Presets are pre-programmed and electronically, magneto-electrically or mechanically saved settings of a device such as a synthesizer or an effects unit: factory stock sounds, equivalent to stock photography or preset filters in apps like Instagram. Audio presets provide a library of “typical” and supposedly desirable sounds – thus enabling a consumer to bypass individual programming and get quick results. Every modern electronic instrument or software comes with presets – which people use heavily. As a result, time and again, entire genres have evolved unintendedly from arbitrary decisions and limits set at production level.
For his first book, PRESETS – digital shortcuts to sound, Stefan Goldmann has talked to industry leaders, programmers, producers, musicians and fine artists for a comprehensive description of the world of preset audio: from synthesis to sample libraries, from instrument emulations and gear cloning to automated composition and performance. The effects of digitisation on electronic music are covered in detail, and so is the rapid digitisation of rather unexpected fields: classical and traditional music, guitar rock and fine arts. The role of inherent traits of specific electronic instruments in the emergence of genres such as techno, house, hip hop, synth pop and, most recently, US ‘brostep’ and EDM is discussed in detail. Disruptive gear and iconic presets, their background and impact – from Korg’s M1, Yamaha’s DX7 and Roland’s 909 to Ableton Live, Native Instruments Reaktor, sidechain compression and Auto-Tune – are discussed in unprecedented depth, with some of the key agents speaking out for the first time.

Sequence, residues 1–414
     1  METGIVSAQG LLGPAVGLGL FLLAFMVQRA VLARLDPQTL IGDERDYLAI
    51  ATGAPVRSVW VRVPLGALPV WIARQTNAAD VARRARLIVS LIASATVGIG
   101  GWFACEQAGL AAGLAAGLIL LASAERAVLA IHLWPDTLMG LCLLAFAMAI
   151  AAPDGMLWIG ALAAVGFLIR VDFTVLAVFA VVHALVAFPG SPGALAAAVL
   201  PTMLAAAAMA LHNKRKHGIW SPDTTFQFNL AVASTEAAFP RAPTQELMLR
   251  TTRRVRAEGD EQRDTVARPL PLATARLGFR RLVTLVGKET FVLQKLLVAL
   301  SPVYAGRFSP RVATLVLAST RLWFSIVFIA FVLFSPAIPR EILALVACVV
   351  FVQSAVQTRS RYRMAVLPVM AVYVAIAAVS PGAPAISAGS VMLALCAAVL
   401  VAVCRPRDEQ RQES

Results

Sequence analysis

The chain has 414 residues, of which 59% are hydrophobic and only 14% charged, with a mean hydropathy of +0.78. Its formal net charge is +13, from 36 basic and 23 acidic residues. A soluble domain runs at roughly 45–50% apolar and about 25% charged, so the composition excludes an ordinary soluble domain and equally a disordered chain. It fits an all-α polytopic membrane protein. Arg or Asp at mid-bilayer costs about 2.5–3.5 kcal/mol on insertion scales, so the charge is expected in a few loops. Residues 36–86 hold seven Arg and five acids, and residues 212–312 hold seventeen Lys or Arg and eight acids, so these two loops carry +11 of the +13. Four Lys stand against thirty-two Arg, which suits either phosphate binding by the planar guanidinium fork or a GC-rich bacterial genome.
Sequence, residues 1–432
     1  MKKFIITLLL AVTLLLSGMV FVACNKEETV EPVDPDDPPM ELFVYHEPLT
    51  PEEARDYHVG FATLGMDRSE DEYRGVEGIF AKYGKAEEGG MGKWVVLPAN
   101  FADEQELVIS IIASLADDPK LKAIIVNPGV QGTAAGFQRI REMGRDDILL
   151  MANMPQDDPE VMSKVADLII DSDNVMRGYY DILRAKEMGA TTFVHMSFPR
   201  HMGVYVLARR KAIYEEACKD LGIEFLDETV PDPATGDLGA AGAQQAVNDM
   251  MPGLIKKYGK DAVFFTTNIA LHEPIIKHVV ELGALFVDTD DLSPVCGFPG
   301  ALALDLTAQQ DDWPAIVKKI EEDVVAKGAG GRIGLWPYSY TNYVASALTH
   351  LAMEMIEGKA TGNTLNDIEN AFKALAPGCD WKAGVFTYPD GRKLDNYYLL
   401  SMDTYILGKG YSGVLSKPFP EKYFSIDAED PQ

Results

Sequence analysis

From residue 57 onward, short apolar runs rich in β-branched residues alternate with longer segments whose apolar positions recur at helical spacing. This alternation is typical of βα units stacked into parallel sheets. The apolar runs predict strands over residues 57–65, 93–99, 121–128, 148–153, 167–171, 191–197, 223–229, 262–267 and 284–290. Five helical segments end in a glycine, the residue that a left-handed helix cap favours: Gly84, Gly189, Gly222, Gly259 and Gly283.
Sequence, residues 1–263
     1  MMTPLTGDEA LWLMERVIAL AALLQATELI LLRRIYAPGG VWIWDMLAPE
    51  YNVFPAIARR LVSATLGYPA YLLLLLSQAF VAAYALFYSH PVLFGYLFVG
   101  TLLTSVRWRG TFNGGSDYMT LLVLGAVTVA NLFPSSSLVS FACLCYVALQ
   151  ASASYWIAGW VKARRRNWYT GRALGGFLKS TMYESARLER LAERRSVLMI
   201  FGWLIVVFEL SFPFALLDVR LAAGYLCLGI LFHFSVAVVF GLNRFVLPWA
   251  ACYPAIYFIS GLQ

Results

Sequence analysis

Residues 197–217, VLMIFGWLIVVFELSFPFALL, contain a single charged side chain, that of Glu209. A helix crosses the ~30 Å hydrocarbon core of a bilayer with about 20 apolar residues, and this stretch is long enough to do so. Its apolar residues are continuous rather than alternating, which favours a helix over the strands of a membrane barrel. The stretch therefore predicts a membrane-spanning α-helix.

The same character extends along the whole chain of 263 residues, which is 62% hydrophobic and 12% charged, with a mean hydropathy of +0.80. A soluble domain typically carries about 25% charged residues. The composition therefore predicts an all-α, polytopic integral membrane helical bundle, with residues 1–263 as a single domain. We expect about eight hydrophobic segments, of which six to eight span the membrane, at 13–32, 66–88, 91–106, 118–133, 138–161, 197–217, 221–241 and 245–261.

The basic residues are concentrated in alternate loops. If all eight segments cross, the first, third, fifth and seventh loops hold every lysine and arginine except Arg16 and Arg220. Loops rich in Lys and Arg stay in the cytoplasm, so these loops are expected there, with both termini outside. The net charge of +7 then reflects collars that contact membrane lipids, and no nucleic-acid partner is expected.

Featuring interviews with Robert Henke (Ableton), Mike Daliot (Native Instruments), Michael Wagener (producers – Metallica, Janet Jackson, Ozzy), Cory Arcangel, the original Korg M1 developer team and many more.
INDUSTRY sheds all personalized effort and tests how far you can get by using presets only. All sounds are obscure factory presets from three obsolete 1990s Japanese workstation synths, all effects are presets, all notes are quantized and most panning is purely accidental (laid out in the presets themselves). INDUSTRY doesn’t rely on successful presets but on failed sounds of now obsolete synths – industrial assumption of where culture will go, but chose not to. The result is a surprisingly pleasant listening experience with effortless grooves and rich textures – and mildly demonic connotations. From smooth to kicking – a conveyor belt suffering from mood swings. As beautiful as the scheduled meeting of a pvc sheet and a thermoform mould on a workbench. 0% sound design.
book: Stefan Goldmann: Presets – Digital Shortcuts to Sound (The Bookworm) book, 220 p. (fourth edition)
released october 6, 2014.